A proposal to find Earth-like planets
Planets around stars are difficult to find. Many have been found and
several search techniques exist. These are the techniques I know
- Doppler effect. When a
heavy planet turns around a sun it makes that sun move. The
movement causes faint shifts in the sun's color and those shifts
can be measured.
- Ocultation. Rarely a
planet passes in front of its sun. That makes the sun's
brightness decrease a little.
- White dwarfs. That
kind of star lost most of its mass. Hence the planets around the
star orbit further from the star. That makes they can be
- Gravitational lenses.
Sometimes a sun and one of its planets are adequately aligned
with another star and the Earth. That causes a gravitational
lens effect that allows to detect the presence of the planet.
Most of these methods detect the planet an indirect way, detect only
huge Jupiter-like planets or depend from very special and rare
events. Better telescopes are planed that will allow direct
detection of remote planets. The purpose of this text is to propose
a method that should contribute to detect Earth-like planets.
Let's suppose the Universe is clean and our telescopes are
excellent. What would we see looking towards a star orbited by an
Earth-like planet? We dream to see something like this, with the
star on the left and the earth-like planet as a little dot on the
Two things are correct in that picture:
- The distance between the star and the planet compared to the
- The white and blue color tints of the star and the planet (if
we suppose the star is similar to our Sun and the planet is
similar to our home Earth).
The big error is the luminosity of the star compared to that of the
planet. Also the picture suggests the planet has a diameter of 1
pixel while the star has a diameter of 4 pixels.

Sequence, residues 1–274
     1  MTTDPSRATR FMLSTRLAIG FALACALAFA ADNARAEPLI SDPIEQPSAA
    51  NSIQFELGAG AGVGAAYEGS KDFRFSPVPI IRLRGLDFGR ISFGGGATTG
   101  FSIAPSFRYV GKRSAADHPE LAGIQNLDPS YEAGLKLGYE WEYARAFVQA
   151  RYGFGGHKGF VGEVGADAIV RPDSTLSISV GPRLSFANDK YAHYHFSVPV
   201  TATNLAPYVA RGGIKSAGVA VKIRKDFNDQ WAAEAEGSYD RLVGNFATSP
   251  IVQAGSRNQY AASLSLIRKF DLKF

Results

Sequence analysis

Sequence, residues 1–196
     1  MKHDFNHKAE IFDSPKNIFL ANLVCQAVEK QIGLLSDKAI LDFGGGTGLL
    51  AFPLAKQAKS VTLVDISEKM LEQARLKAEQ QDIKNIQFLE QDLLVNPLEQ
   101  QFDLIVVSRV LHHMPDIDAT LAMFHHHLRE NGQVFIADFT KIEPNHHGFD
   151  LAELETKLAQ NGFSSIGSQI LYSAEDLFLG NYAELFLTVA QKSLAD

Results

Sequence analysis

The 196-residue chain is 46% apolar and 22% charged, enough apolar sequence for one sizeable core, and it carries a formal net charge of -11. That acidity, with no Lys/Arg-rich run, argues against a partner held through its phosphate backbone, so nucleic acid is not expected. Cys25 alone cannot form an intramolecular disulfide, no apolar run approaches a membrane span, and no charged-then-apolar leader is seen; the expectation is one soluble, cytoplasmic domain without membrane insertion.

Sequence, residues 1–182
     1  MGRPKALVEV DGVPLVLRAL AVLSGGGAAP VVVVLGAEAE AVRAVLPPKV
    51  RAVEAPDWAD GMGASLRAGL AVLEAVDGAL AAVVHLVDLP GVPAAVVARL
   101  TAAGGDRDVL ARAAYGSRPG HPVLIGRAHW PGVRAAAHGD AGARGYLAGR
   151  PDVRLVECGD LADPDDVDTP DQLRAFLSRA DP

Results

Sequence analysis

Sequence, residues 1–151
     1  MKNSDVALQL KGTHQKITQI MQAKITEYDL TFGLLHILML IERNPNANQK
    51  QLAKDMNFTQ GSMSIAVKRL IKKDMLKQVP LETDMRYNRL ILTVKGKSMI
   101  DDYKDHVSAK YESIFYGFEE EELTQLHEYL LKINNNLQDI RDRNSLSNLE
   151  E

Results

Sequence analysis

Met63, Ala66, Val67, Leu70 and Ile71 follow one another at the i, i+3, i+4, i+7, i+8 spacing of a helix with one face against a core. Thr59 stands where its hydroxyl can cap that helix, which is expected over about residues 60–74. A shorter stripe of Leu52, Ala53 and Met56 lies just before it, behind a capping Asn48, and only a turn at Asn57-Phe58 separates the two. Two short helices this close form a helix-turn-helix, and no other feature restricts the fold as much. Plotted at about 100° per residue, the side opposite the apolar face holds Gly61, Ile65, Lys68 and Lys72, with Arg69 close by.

Suppose we focus on that pixel were the planet is situated. We use a
hypothetical hyper-telescope to zoom on it 100 times. This is what
we would see:
On that picture we really can see the planet, as a 2 pixel diameter
disc. That little 100 x
is made of 9,996 black pixels and the planet's 4 color pixels. The
contribution of the planet to the picture's global brightness is far
too faint to be noticeable. If we rescale that picture to make it
back 1 pixel, that pixel will be pitch black, the same perfect black
as all other pixels in the first picture. So in fact the planet
should have been invisible on the first picture.
What's more we supposed the star and the planet have comparable
surface brightnesses. That's false too. Just compare the Sun's
brightness with the Moon's brightness when both are visible in the
sky. The Moon's surface brightness is comparable to that of Earth's.
So the planet's total brightness is tremendously weaker than that of
A simple Space-based telescope would have no chance to spot a planet
because the star's brightness will overwhelm the telescope's camera.
Just have a look at photographs of galaxies. The stars of our own
galaxy present in the picture field virtually burn away the camera's
sensor in a few pixels radius. Those stars appear quite huge, while
their real diameter is only a minute fraction of a pixel. Masking
away the star will help. Masking devices are planned for future
I suppose a simple Earth-based telescope has yet another problem to
spot a planet: the light produced by its star will overwhelm
everything due to light scattering in the Earth atmosphere:
Maybe use a mask in astrosynchronous orbit to help the Earth-based
telescope... Or a high altitude dirigible.
Whatever technique used to dimm away the star's light, detecting the
faint brightness of the planet will be difficult.
There is a way to detect if a pixel has a slight brightness
increase. Therefore a huge amount of photographs must be taken, all
the same as the one just above. Maybe a million of them. They must
be fed into a computer. Let's explain this with a practical example.